Featured Post

The male gaze: Turning the screw

It's been a while since trips to the theatre. I've been busy. But it's nice to see that it's the creative process that is at the heart of Kevin Kelly's Turning the Screw. And what gives rise to it. It's a dramatisation of the creative process leading up to composer Benjamin Britten's premiere of his opera, The Turning of the Screw. With deadlines approaching, Britten seems stuck over melodies and unsure about completing the piece for its summer premiere. But the selection of twelve-year-old choirboy David Hemmings in the leading role of Miles within the opera is the spark that motivates him to complete the piece. And his presence may stir other feelings, too. It's currently playing at the Kings Head Theatre .  Britten's fascination with young boys has been the subject of a detailed book, Britten's Children. The book suggests that Britten saw himself as a young boy of 13. It's almost as if he saw himself as Peter Pan, albeit if Peter Pan was a

Theatre: Make Me A Song

All I'm asking for is a tune
Something itchy to tap my toes to
Something that in late afternoon
Makes high strung boys collapse... (Make Me A Song - William Finn)

I have been familiar with the music of William Finn for a little over five years now... This is not long for a groupie, but after seeing a performance of Falsettos with the opening number "Four Jews In A Room Bitching" I knew his music was going to be my cup of tea. While the subject matter (brain tumours, Bar Mitzvahs etc) I am not always able to relate to, the themes, issues and the humour his work explores I have loved. And since my Falsettos moment, I have made a point of finding the rest of his music. This has led to me laughing out loud on the tube (always a good way to get labelled a freak) listening to Infinite Joy and relishing the chance of being a disciplined non-hammy speller on Broadway.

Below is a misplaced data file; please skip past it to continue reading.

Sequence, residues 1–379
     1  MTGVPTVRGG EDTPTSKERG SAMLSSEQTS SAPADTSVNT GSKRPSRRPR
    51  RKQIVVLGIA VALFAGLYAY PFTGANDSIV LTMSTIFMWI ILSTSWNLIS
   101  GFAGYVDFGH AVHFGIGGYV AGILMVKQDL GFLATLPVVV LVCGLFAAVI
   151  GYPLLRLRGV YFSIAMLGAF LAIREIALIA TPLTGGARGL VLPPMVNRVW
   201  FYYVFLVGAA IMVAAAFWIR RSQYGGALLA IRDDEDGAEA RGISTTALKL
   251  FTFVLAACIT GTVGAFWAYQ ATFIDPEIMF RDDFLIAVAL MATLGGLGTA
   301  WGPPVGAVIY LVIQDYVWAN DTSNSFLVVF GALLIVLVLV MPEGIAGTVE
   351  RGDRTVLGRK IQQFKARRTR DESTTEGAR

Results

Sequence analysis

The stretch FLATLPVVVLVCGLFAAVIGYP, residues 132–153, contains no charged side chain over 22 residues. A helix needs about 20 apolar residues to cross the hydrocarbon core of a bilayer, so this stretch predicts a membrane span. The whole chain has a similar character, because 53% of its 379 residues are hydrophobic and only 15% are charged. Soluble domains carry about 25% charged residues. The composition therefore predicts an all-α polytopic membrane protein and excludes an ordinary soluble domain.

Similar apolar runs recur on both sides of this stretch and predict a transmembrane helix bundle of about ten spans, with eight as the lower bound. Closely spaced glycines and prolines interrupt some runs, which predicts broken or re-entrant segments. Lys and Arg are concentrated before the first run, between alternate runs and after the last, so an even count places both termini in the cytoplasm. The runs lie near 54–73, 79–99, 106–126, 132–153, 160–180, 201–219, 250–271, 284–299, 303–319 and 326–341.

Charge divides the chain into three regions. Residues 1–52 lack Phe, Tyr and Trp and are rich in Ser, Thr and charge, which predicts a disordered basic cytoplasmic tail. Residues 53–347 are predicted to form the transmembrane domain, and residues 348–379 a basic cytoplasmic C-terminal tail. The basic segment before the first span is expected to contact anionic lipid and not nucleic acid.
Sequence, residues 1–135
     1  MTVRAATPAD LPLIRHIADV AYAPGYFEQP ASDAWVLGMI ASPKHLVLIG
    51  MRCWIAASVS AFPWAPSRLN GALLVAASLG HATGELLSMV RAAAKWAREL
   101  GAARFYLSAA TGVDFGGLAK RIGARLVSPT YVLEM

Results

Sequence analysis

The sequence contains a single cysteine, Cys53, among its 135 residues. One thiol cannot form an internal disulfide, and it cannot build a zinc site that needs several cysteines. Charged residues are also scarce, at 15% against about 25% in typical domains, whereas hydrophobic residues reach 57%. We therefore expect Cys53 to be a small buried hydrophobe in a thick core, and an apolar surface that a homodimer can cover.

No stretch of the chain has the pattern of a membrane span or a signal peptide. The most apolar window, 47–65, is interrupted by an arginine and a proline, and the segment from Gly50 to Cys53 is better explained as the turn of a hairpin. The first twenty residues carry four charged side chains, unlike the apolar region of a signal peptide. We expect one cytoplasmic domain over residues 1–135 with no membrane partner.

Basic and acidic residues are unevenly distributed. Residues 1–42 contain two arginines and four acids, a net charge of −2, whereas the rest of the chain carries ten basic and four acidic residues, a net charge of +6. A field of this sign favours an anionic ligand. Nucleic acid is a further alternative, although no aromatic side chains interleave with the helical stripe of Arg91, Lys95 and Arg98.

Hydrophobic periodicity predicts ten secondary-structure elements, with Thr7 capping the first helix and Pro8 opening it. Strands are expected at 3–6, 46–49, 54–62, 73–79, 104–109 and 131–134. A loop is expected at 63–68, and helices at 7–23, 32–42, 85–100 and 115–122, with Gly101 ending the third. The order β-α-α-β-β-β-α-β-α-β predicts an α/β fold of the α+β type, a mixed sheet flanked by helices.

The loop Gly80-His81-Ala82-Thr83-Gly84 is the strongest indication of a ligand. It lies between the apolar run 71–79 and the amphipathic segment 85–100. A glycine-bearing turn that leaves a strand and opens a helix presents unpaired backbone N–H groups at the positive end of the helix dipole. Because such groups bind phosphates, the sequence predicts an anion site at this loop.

But the fact that his music hasn't really had a decent showing in London has always bothered me. Perhaps it is the sentiment I have heard around here that his music is regarded disparagingly as "a bit off Broadway". Then again, for a city that doesn't have such an institution to develop new work and would rather keep running revivals of Joseph and the Amazing Technicolor Dreamcoat I suppose that has to be put in perspective.

Anyway, all this can be forgiven now that Make Me A Song - a musical revue of Finn's music featuring some of West End's finest - Louise Dearman, Frances Ruffelle, Gareth Snook, Simon Thomas, Sally Ann Triplett and Ian H Watkins - is playing at the New Players Theatre. With so many fabulous songs sung by such a fabulous cast it was a real treat...

When the show is this good you could get a bit prissy about the production and hope that as the run goes on that the lighting hits the actors better, Sally Ann Triplett doesn't have to keep moving the furniture about during the number "All Fall Down", they all remember the lyrics, and Ian H gets a more flattering wardrobe. But none of it really mattered. Actually on the wardrobe point Finn was there in the audience looking very comfy in his t-shirt, trousers and crocs so maybe Ian's baggy trousers and lumpy jumper was deliberate. It was nice to see with Finn his "this is how it is" attitude in his music extends to his attire, particularly since the rest of the audience were dressed to the nines... The show runs until 6 April... Hopefully a cast album will be in the works too...

Popular posts from this blog

Opera and full frontal nudity: Rigoletto

Fantasies: Afterglow @Swkplay

Play ball: Damn Yankees @LandorTheatre